In Luxor, a governorate familiar with ancient relics, 81.5 per cent of votes were for the amendments.

14:32 It seems that promising to reveal all the results "within hours" has put a stop to the unofficial results and judicial sources.

14:10 It now seems that the final results will be announced "within hours", according to state TV.

13:55 The Supreme Judicial Committee has announced that the vote counting process has been finalized in Cairo’s polling stations and across all governorates.

The final results are expected to be announced in a press conference at 2pm today. The announcement we have fails to point out where this press conference is.

13:41 Another judicial source, this time in the Sharqiya governorate, reveals that 85 per cent of votes were for the proposed constitutional amendments. It's heading in only one direction so far.

13:30 A judicial source has told Ahram Online that initial results show that the majority of residents in the Qalioubiya governorate voted “Yes” to the constitutional amendments. According to the source, it is expected that the final result will be 75 per cent votes for “Yes”.

13:24 Mohamed El Shamy, the head of the Hurghada Court, announced that 63.4 per cent of those who voted in the Red Sea governorate voted "Yes" and 36.6 per cent voted "No".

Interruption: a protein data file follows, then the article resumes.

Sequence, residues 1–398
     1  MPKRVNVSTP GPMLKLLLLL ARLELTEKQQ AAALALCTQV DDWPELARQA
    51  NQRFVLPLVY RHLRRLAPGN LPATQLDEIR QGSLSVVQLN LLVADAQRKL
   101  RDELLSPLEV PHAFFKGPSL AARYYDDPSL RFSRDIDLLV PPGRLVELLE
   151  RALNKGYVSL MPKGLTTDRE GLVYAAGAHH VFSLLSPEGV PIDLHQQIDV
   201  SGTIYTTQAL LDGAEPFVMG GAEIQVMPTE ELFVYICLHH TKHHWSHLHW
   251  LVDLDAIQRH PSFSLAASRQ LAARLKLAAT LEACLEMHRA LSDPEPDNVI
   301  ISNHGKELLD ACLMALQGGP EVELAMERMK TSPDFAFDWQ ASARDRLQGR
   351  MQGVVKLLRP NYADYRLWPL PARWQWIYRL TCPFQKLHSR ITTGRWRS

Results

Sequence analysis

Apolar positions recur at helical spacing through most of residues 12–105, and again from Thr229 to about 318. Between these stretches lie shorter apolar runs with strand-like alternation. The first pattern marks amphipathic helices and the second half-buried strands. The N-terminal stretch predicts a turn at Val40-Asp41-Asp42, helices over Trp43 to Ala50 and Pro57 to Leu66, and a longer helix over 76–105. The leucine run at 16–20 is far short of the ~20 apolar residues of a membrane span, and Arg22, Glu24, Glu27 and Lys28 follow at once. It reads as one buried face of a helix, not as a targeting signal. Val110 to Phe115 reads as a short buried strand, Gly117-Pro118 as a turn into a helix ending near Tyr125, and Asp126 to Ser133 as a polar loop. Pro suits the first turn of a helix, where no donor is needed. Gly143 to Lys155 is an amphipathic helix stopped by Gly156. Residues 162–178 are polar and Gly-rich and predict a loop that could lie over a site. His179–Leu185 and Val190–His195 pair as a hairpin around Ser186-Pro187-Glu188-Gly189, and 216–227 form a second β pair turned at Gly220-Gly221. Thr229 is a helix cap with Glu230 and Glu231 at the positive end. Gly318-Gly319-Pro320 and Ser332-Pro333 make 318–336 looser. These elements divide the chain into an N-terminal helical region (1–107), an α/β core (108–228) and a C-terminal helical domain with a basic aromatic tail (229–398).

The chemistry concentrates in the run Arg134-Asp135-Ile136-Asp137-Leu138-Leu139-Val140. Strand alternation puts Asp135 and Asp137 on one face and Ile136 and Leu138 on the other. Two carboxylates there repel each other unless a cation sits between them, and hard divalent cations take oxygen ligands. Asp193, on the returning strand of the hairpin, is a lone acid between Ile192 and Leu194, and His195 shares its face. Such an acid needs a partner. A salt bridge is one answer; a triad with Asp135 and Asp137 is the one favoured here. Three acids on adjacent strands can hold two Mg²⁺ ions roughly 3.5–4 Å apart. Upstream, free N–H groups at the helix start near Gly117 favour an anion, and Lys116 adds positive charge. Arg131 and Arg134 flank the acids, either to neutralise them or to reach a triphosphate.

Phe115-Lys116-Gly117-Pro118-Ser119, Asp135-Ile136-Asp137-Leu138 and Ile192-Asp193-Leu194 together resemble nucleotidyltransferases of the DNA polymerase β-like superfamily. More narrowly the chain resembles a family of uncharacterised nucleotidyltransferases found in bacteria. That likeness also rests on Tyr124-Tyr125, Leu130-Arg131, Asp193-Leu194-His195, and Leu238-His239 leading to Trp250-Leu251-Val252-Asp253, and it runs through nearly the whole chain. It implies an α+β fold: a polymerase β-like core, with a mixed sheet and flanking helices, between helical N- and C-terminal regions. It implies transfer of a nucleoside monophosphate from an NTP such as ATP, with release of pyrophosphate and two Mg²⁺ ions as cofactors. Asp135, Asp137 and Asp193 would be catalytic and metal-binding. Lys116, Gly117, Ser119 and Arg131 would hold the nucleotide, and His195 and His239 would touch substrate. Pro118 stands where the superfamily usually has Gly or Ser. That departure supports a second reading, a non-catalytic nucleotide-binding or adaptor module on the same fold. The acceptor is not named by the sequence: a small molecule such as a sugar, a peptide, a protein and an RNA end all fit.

13:15 A judicial source in Al-Wadi Al-Gedid says that 37,200 of the governorate's voters voted in favor of the proposed constitutional amendments, with 3,686 voting “No”. Initial results also show that 90 per cent of the residents of Fayoum voted “Yes” to the constitutional amendments.

12:55 Initial results reveal that 70 per cent of voters in the governorate of Ismalia said “Yes” to the constitutional amendments. Ismalia has 727,198 eligible voters of the 40 million eligible voters across Egypt.

12:45 Initial results from the governorate of Assiut show that the majority of the residents approved the constitutional amendments. It is expected that the number of people who voted “Yes” made up 60 per cent. Assiut has 929,376 eligible voters

12:10 Unofficial results from Suez point to an overwhelming "Yes" with 134,864 votes against 36,211, a resounding 79 per cent approval for the proposed amendments. 231 votes were declared void.

12:00 The initial results of yesterday’s constitutional referendum show that at least 25 million Egyptians participated, according to Mohamed Ahmed Atia, the head of the Supreme Judicial Committee that supervised the voting process. The total number of Egyptians who were eligible to vote yesterday is 40 million, meaning that an estimated 62.5 per cent of the eligible voters actually voted. Atia mentioned the possibility that the referendum’s results will not be announced today due to the large number of voters.





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21-03-2011 12:31am
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The "YES" vote
A significant win for the Muslim Brotherhood and the Salafis... Congratulations! I fear Egypt's revolution will give birth to a stillborn democracy! All signs point to Egypt having an unenviable future.